Thursday, February 07, 2008

Community vs. Chaplaincy
Change Collaborate or Die Already

I find myself often a bit conflicted in the winter months. Christmas and New Year's have come and gone with their celebrations of community and promise of new things. Then January and February remind me that things don't change all that fast. That between the joy of the future and the comfort of the past (whether real or subjectively recalled) most of us want a chaplain, someone to take care of us in the dark, damp and depressing times. Someone who will hold our hand and tell us that things will all work out.

I increasingly find that when I began to allow myself to buy into this line of thinking I'm unexpectedly surprised. We actually want communication, conversation, collaboration and dialogue - the essence and ends of community more than we feign to long for chaplaincy. This might not make sense but it's my thoughts at the moment as I lead worship at our church and participate in an online discussion about the Presbyterian Church and Bruce Reyes-Chow standing for Moderator in a 2.0 way.

Last night at the Ash Wednesday gathering at our church I was humbled by the community response to our practice of lectio divina on Luke 18:9-14. Many and varied were the responses shared, people's dreams, desres and discernments. The gathering was all about dialogue, participation, experience and connection - it was community in word, deed, and presence. It was authentic, organic, instant, mutual: hanging it all out there risking acceptance, rejection and hoping for connection. That's what those in the church community I know (and the larger one I suspect as well) long for. It's the thing that those who long ago gave up on the church have resolved to find elsewhere. It's what our postmodern or emergent - or maybe just the context you live in - culture is insatiably hungry for. Blogging, Instant Messaging, Youtube, the youthful support of Obama, Community Yahoo Groups, the deep cultural adaptation of cafe culture, and shared meals all point to this undeniable aspect of human nature. We long to be together, to talk with (not just to) each other, to laugh, love and make-meaning of our lives and the world we live in. That's what faith is all about. It's what Jesus talked incessantly about in teachings, around tables, on the road, and with the sick. It's what the Church (the community of the gathered) comes together for.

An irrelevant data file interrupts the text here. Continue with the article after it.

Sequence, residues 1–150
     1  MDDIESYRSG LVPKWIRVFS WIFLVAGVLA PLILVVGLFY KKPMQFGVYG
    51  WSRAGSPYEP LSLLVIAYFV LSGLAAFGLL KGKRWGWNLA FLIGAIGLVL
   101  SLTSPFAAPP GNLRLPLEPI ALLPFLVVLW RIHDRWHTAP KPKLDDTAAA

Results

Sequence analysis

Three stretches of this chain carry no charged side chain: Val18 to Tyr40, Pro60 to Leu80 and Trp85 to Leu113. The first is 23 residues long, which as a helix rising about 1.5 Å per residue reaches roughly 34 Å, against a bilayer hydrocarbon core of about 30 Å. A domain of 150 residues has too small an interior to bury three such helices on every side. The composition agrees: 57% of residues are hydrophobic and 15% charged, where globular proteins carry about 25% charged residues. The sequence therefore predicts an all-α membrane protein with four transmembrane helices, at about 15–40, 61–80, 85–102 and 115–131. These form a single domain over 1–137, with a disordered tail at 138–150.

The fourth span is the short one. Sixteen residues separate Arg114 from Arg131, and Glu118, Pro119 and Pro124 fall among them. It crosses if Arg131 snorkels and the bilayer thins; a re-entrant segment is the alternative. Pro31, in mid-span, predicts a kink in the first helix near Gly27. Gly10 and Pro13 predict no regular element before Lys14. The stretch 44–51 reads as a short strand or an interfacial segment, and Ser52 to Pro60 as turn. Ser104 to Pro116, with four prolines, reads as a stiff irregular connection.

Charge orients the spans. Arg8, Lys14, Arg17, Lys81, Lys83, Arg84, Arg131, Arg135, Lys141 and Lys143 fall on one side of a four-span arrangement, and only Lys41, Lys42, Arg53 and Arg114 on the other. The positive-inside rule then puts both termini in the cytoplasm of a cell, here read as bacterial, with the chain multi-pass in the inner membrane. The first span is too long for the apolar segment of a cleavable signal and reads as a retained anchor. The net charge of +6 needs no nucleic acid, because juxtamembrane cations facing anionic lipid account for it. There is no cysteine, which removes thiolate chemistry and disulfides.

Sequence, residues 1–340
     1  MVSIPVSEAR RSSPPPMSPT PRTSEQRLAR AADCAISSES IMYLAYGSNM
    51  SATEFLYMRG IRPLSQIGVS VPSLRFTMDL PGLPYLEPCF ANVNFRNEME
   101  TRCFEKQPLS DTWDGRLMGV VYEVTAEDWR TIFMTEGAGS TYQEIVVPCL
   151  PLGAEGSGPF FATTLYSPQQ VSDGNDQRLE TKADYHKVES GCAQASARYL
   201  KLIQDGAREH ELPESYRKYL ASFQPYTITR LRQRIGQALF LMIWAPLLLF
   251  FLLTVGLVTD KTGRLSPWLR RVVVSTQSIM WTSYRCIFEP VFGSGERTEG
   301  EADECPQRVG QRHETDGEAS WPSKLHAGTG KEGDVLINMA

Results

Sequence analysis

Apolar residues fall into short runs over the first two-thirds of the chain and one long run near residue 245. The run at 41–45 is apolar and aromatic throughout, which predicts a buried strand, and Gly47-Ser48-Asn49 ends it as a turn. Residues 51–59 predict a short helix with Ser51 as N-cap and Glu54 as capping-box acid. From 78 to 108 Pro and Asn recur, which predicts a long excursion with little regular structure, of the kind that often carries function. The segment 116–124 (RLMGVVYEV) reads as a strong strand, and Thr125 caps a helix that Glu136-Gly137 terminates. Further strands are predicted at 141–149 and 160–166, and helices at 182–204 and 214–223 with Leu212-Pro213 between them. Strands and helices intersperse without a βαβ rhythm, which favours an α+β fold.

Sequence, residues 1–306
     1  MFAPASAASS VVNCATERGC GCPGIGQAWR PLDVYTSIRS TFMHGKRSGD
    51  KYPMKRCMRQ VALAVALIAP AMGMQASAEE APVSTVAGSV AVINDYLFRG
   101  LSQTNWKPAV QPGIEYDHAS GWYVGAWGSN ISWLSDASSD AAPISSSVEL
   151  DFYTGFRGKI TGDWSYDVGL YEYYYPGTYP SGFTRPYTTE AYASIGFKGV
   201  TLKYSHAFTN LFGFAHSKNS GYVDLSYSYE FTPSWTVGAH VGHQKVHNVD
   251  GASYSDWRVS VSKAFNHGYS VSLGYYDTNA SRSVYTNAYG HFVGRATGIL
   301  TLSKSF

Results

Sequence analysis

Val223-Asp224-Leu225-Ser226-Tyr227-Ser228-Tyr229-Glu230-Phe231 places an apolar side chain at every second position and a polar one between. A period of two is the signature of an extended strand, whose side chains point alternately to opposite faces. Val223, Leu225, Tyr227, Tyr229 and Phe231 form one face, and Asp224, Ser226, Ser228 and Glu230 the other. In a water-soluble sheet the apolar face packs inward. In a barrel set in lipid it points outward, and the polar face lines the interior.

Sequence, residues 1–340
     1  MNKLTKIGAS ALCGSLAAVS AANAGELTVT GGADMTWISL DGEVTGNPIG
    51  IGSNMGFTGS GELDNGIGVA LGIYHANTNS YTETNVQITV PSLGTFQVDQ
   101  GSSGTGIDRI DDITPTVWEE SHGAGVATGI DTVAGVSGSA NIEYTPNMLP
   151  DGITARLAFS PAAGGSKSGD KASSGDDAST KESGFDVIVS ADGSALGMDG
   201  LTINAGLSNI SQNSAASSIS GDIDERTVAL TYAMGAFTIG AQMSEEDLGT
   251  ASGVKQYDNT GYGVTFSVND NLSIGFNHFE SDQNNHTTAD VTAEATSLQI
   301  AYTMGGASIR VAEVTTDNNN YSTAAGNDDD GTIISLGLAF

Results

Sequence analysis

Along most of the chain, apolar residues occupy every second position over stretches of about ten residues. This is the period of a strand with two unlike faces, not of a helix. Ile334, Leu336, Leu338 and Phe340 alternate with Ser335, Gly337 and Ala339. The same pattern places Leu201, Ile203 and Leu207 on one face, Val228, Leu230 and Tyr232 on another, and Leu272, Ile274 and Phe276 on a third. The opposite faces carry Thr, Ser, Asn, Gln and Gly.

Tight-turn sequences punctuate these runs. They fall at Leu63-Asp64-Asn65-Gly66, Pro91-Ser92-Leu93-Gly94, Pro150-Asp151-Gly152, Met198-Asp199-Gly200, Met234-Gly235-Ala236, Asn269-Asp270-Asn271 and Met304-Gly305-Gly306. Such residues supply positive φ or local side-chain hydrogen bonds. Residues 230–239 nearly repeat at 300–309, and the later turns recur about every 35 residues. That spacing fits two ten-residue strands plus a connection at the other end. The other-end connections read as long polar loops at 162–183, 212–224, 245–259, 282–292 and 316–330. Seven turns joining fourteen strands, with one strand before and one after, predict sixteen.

But somehow we get lost on the way. Call it human nature. Call it sin. Call it brokenness. Call it chaos. Call it mistrust. We lose perspective of who we are, of who others are around us, of who the Divine is. We lose perspective on the difference between our needs and our wants. We dream of more and end up settling for the status quo, the familiar, the stuff that we can tolerate even if we don't love it. That's when we face the choice of community vs. chaplaincy, working towards something authentic and unchartered or asking for comfort and familiar words that won't rock the boat.

Bruce Reyes-Chow is standing for moderator of the Presbyterian Church (USA) as a catalyst, or at least as a conversation-starter for dialogue, collaboration and community that goes beyond the comforts of chaplaincy. Some are saying that he's going about it wrong, too fast, to electronic, too "all hanging out there" (read his latest blog entry on such comments "Problems with a 2.0 moderator") and yet isn't that what we want as people, as people of faith, as presbyterians? Aren't we longing to know and live from a transformation community that forms how we live, move and have our being in our culture, churches and families? You could argue that the technology we're surrounded by, and that Bruce is seeking to use in his standing for moderator of the GA, shapes the way that we communicate...but isn't the reverse also possible? That maybe the techonology we're developing and implementing was created to enable the way that we've longed to communicate? in particular in our faith communities both local and disparate?

Another articulate piece of the conversation comes from Shawn Coons at and his post "Not your father's moderator candidate"

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